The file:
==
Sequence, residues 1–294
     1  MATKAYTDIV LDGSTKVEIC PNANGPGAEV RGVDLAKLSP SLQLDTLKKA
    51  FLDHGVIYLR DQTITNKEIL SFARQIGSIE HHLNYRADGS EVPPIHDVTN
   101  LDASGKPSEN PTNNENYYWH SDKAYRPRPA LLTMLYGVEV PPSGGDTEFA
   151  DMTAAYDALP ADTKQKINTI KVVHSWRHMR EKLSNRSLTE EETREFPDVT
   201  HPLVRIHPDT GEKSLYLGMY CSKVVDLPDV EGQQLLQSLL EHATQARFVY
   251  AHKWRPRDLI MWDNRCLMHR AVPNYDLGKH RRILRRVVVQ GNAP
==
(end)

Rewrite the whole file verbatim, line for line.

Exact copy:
Sequence, residues 1–294
     1  MATKAYTDIV LDGSTKVEIC PNANGPGAEV RGVDLAKLSP SLQLDTLKKA
    51  FLDHGVIYLR DQTITNKEIL SFARQIGSIE HHLNYRADGS EVPPIHDVTN
   101  LDASGKPSEN PTNNENYYWH SDKAYRPRPA LLTMLYGVEV PPSGGDTEFA
   151  DMTAAYDALP ADTKQKINTI KVVHSWRHMR EKLSNRSLTE EETREFPDVT
   201  HPLVRIHPDT GEKSLYLGMY CSKVVDLPDV EGQQLLQSLL EHATQARFVY
   251  AHKWRPRDLI MWDNRCLMHR AVPNYDLGKH RRILRRVVVQ GNAP